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  • Aug 29, 2014
  • Updated: 10:20am
PropertyHong Kong & China
CONCRETE ANALYSIS

Local investors need to do their homework on overseas property

Britain and Australia are seen as safe havens but local investors need to do their homework

PUBLISHED : Wednesday, 26 June, 2013, 12:00am
UPDATED : Wednesday, 26 June, 2013, 5:36am

CBRE has seen a 20 per cent increase in inquiries by local investors about overseas homes - a direct result of cooling measures imposed by the government in Hong Kong.

Favourable currency conversions have also prompted more interest.

Venturing into a foreign property market may seem somewhat daunting, especially for first-time investors, and it is paramount that they educate themselves about the market they're going into, as well as the company they are making a purchase through.

A key factor for consideration is entry costs, including legal fees and stamp duties. Questions that need to be asked include: Are there any restraints on foreign investment? Is the legal system transparent? Can advice be obtained on legal, tax and financial issues? Is there access to finance? Is there local demand for the product? Is there an active sales market? And if their purchase is purely for investment, is there an active rental market? Buyers also need to ask why they are getting the opportunity to buy.

We are seeing demand for properties in parts of Europe, the United States, and in parts of Asia such as Bangkok and, increasingly, Tokyo. There has also been demand for projects in Britain and Australia.

The UK represents a good opportunity as it is a mature market and seen as a safe haven. For foreign buyers, properties purchased in individual's names are exempt from capital gains tax when selling the property. As a foreign investor, any income derived in the UK is subject to income tax. However, income tax payable can be offset against holding costs. Stamp duty is payable only upon completion. Purchasing off-plan requires an initial 10 per cent of the purchase price with developers generally requiring minimal progress payments sometimes between 10 to 20 per cent during construction.

Many of the fastest-selling schemes in London owe much of their success to early launches in Hong Kong, Singapore and Kuala Lumpur to investors looking to make the most of a healthy rental market. Some 48 per cent of properties in London sold over the last year were pre-completion sales. A staggering 38 per cent of purchasers for new-built projects in central London last year were buyers from Southeast Asia, with Hong Kong and Singapore being the biggest contributors.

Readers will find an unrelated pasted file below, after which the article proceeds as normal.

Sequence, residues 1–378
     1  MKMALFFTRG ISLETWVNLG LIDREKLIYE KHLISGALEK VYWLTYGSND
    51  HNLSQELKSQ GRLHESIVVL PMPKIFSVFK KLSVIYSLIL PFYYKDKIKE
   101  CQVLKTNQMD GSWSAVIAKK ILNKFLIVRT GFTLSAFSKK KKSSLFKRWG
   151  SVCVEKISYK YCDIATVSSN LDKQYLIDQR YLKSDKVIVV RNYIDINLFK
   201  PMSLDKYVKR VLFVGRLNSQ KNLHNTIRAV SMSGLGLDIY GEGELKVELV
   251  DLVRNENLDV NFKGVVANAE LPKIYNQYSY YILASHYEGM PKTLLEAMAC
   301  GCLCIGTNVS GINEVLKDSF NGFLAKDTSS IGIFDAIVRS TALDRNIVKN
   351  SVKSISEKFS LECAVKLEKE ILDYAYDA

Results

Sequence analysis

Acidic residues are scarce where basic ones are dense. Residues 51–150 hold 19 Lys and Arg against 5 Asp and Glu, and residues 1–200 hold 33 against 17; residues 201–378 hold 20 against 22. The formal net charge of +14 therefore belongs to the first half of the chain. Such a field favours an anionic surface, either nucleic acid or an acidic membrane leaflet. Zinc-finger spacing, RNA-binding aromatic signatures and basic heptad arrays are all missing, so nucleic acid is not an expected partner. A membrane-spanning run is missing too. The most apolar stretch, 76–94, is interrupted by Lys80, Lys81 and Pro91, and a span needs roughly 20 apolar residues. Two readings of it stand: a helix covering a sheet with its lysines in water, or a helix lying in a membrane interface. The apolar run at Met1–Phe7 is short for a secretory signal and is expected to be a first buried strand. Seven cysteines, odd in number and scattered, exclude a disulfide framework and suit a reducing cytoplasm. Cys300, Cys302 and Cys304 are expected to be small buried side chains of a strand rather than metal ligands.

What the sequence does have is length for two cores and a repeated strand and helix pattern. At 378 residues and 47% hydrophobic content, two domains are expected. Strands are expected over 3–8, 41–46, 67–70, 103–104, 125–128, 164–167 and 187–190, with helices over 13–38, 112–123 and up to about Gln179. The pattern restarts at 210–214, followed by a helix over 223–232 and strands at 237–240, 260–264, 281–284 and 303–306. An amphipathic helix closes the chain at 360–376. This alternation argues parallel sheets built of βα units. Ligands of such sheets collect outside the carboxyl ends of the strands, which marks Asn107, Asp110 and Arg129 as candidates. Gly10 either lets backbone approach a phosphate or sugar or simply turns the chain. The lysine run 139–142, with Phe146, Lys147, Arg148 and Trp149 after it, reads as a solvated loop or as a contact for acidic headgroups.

One of the most successful projects was Fitzroy Place in Fitzrovia. Now selling for an average of £1,850 (HK$22,150) per sq ft, Fitzroy Place generated £290 million last year with 175 apartments sold in just eight months.

Australia is also seen as a safe haven due to a strong economy, stable government and a mature property market. Investors see the educational facilities offered in Australia as a good opportunity for their children. But the taxation system there is more complex and buyers should be mindful of a capital gains tax of up to 50 per cent when selling a property. This can be legally paid off or offset by what is called "negative gearing".

With a mortgage of around 80 per cent of the purchase price, a property will be neutrally geared (the rent received will be equivalent to all property holding costs, including interest on the mortgage). However, when purchasing new property there are large depreciation benefits available as well. These annual depreciation benefits will ensure that from a tax perspective the property is negatively geared. This annual tax loss or "tax credit" can be used to reduce capital gains tax on the sale of the property. Buyers need to be aware of how the tax system works and employ consultants to manage their investment effectively.

Sydney is one of the favoured locations for investment in Australia, although opportunities can be limited because of strong local demand. Both Sydney and London are markets with a supply problem as both have difficulties with planning guidelines and constraints over land. The shortage of supply, combined with ongoing demand, has resulted in considerable capital appreciation in recent years and an expectation by the main property agencies that this will continue.

A key project in Sydney is Barangaroo by Lend Lease - a new precinct in the central business district by the harbour. The mixed-use site includes residential, commercial and retail space, with major companies such as KPMG, Westpac and Lend Lease relocating to the area. It is reported that a second casino licence may be granted in Sydney with James Packer's Crown planning to develop Australia's first six-star casino and hotel on the site.

James Hall is CBRE's regional director, international project marketing, Asia.

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